It’s that time again, time to update your calendars with your child’s schoolyear commitments, whether they be music lessons, sports practices, afterschool art or robotics programs. Our children are busier than ever! As you work on penciling it all in, consider scheduling time for nature. Exposure to the natural world plays a critical role in child development and acts as an important de-stressor (www.texaschildreninnature.org/resources/research) but yet is often overlooked as we commit our children to other activities.

What does scheduling time for nature look like? What does it mean to commit to nature for an hour or so once or twice a week? For every family and every child this commitment may look different. The specifics may change from week to week as you and your children dabble and explore abundant opportunities to get outdoors around Houston and learn what catches your interest. What is important is that spending time in nature or appreciating the natural world becomes a priority as we fill our children’s (and family) calendars. Penciling in time for nature and treating it as a commitment just as we would soccer or drama or coding classes will not only benefit our children’s development, and reduce their stress, but it will also ensure that they grow up understanding, respecting, valuing, and hopefully protecting the natural world.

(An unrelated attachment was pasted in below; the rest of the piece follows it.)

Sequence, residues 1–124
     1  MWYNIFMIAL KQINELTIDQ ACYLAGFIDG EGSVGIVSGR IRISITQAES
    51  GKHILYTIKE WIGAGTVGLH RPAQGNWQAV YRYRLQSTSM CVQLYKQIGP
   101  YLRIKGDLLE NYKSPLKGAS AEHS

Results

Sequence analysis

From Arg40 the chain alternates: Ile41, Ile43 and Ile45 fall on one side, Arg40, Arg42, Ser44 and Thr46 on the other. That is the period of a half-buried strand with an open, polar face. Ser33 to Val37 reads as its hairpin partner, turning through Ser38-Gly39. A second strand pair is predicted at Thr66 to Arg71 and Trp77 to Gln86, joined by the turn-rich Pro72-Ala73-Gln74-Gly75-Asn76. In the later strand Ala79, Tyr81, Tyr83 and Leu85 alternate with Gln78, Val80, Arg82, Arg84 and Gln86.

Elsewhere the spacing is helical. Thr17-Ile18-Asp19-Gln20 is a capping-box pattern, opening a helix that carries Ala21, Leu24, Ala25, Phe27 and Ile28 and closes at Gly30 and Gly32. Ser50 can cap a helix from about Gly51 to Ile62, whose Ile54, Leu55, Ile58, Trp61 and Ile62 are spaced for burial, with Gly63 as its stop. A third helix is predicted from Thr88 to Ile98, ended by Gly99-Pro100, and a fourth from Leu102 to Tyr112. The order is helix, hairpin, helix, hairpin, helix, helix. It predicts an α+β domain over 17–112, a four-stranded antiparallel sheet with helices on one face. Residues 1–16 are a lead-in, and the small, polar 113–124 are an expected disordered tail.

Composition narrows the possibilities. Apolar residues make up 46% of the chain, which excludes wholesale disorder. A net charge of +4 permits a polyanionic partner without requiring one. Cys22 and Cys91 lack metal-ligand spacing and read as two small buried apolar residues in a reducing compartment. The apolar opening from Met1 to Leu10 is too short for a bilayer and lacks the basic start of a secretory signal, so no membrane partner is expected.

So, what are the possibilities? Here are some ways we suggest your child, or even your whole family together, might commit to nature:

  • Signing up for structured classes or scheduled programs at a local nature center. The Nature Discovery Center offers Curious Kids for preschoolers and Junior Scientists for elementary aged students.
  • Spending time outside at a nature park – playing, exploring, observing. Russ Pitman Park offers shady trails, ponds, a nature play area, interpretive signage and has abundant local wildlife. Try taking informal “field trips” to other area nature parks like Edith L. Moore Nature Sanctuary, the Houston Arboretum, Jesse Jones Park and Nature Center, or Brazos Bend State Park and the George Observatory.
  • Volunteering for neighborhood or park clean-up with an organization or simply picking up trash as a family.
  • Participating in citizen science and making valuable contributions to science by observing and recording local bees, butterflies, birds, or plants via a free SciStarter.com account.
  • Gardening together in your own yard or in a community garden.
  • Getting a little dirty with messy outdoor nature play. The sandbox and loose parts play materials in the Nature Play Area in Russ Pitman Park offer great opportunities to get a little dirty!
  • Hiking or bike riding on local trails. The Newcastle Trail is a nice, wide trail for family bike rides. With the new bike pump and repair station and bike racks, Russ Pitman Park makes a great pitstop for bike riders of all ages. The Bayou Greenways trail projects along Brays Bayou and White Oak Bayou are also worth exploring and may provide glimpses of our urban wildlife.